Since I think we'll have a fuller discussion once we have a published theory before us, I'll make this my last post on the MPD theory until the NOJ comes out. --MR
Jim Twiggs: The very idea that it would take FORTY-ODD YEARS for somebody to snort out The One True Truffle strikes me as absurd.
MR: I quite agree. I have never, and will never, assert that Nabokov ONLY intended Pale Fire to be read through the lens of multiple personalities. It is clear that he approved of Mary McCarthy's two-person reading of the novel, at least in its basic facts. Such a reading is perfectly legitimate, and I hope I have never given the impression that reading the book this way means the reader has done it wrong. I do not believe there is "One True Truffle," as you say. (Can those who scorn any theory other than McCarthy's say the same?) The genius of Pale Fire, in my view, is its negative capability, by which I mean that the novel can accommodate doubts, uncertainties, and multiple narrative scenarios. Am I convinced that in PF Nabokov intended to embed a scenario in which Shade and Kinbote are the same person? Absolutely. Am I convinced that he wanted this interpretation to be the only "true" one? Absolutely not. Though it's a feeble analogy in many ways, I see the novel as s
imilar to one of those paintings where it's possible, by way of an unexplainable, minute adjustment of the eyes, to see a beautiful woman or a hideous hag, except in this case the hag and the lady can be seen at the same time, and we intuitively understand that one has made a tragic bargain with the other.
If there is one reaction to our theory that I wish I could alter, it's the sense that such a theory threatens or disproves other theories. It's true that I think our theory makes parts of the novel sing out more meaningfully. But this is true of other theories as well. One flaw of the MP theory, frankly, is that it doesn't do much with the haunted barn or the poltergeists, while Boyd's theory gives real urgency and meaning to those incidents. One flaw of the traditional theory of the novel is that has to explain away all the images of doubling in John Shade's poems, and in the relationship of Kinbote and Shade, by saying, as SKB does, that these things exist simply as a testament to "Nabokov's love of mirrors, symmetries, involutions, paradoxes, etc.,"--or mere "aesthetic bric-a-brac," as I put it in a prior post. So, if I may channel my inner Rodney King, I ask: why can't we all just get along?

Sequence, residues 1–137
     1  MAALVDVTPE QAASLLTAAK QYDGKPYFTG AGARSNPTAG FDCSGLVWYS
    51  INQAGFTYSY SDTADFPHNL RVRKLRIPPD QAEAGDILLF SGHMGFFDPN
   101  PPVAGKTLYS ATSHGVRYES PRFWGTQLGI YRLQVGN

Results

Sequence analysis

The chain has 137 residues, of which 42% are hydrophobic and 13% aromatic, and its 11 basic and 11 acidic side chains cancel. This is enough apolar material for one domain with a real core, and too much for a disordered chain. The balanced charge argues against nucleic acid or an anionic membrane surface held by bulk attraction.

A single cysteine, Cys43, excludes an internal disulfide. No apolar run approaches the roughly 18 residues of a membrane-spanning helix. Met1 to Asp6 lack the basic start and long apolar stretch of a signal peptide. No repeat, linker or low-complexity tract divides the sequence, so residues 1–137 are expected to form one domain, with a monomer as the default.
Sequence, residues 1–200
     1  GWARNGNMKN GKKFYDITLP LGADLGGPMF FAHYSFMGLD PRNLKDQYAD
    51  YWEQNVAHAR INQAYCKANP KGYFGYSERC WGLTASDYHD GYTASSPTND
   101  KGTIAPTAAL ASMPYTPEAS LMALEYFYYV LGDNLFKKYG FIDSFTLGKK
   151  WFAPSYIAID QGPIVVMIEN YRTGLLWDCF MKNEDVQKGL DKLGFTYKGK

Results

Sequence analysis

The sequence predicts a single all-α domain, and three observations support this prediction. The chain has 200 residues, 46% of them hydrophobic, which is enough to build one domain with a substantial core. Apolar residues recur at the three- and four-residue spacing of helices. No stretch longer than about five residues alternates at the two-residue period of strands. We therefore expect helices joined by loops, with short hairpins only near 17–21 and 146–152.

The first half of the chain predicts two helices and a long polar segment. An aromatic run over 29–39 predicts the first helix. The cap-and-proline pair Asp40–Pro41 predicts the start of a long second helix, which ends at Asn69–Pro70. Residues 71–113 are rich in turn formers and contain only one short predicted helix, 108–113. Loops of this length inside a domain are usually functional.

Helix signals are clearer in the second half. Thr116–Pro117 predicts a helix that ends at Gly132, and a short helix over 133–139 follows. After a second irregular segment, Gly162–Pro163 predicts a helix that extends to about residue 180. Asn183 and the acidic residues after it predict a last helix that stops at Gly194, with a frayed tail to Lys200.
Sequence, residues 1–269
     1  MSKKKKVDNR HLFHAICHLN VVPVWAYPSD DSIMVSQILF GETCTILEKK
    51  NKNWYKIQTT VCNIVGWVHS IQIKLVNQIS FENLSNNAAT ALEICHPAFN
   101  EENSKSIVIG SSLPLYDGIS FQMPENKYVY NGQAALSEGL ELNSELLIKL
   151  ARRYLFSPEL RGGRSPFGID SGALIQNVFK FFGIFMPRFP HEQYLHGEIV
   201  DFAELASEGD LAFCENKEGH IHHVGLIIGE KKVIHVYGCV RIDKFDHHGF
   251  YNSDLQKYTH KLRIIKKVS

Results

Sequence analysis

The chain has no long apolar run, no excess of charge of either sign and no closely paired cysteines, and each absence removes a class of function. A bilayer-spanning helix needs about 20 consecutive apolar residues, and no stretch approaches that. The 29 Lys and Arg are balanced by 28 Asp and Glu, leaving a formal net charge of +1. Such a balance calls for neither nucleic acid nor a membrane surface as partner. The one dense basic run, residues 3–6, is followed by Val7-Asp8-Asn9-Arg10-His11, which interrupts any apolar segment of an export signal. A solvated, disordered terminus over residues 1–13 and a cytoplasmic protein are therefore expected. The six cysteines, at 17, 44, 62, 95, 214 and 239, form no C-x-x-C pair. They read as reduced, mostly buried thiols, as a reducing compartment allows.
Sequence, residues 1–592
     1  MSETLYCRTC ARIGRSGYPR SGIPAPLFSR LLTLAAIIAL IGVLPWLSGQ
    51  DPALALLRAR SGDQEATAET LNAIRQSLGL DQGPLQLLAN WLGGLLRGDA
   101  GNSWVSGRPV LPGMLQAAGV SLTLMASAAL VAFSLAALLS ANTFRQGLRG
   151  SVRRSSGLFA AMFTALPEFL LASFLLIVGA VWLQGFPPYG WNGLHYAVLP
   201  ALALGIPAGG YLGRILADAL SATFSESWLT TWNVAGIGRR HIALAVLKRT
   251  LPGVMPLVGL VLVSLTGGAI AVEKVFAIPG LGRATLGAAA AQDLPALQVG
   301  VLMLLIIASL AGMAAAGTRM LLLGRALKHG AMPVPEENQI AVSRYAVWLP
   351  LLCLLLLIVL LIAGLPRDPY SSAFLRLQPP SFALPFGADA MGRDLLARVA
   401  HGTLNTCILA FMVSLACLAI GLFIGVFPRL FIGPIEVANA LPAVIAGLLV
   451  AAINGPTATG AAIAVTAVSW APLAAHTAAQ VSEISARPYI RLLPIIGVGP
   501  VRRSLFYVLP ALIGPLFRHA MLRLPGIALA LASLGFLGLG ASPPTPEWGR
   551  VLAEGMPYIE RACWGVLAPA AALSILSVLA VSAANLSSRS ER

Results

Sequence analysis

Some answers for JF's questions:
>As they [the three bird images] are in Shade's mind when he starts the poem, before Kinbote
They may be forming, yes. Or it could be Nabokov showing us Shade's complex inner life, which will become manifest later on.
>Shade would rather be like his pitiful neighbor than forget his
>life. He may get the imagery from things Sybil says to him.